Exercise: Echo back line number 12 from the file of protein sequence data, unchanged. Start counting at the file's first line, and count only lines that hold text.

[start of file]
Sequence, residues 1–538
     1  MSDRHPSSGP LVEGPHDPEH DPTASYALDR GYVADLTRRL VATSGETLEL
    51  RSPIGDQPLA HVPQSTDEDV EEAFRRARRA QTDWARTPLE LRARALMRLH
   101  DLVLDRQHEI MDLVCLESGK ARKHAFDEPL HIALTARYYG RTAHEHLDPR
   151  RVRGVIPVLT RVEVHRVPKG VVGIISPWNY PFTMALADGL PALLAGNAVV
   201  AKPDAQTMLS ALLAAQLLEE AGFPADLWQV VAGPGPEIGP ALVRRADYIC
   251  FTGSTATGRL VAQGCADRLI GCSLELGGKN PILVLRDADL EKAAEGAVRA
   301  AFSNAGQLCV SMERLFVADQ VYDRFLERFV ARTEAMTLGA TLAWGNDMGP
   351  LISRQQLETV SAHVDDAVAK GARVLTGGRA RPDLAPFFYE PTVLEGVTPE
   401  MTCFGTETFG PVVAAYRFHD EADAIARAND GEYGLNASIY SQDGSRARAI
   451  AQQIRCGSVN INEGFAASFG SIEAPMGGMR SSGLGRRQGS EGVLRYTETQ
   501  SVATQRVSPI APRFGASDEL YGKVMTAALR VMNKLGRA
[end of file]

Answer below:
   501  SVATQRVSPI APRFGASDEL YGKVMTAALR VMNKLGRA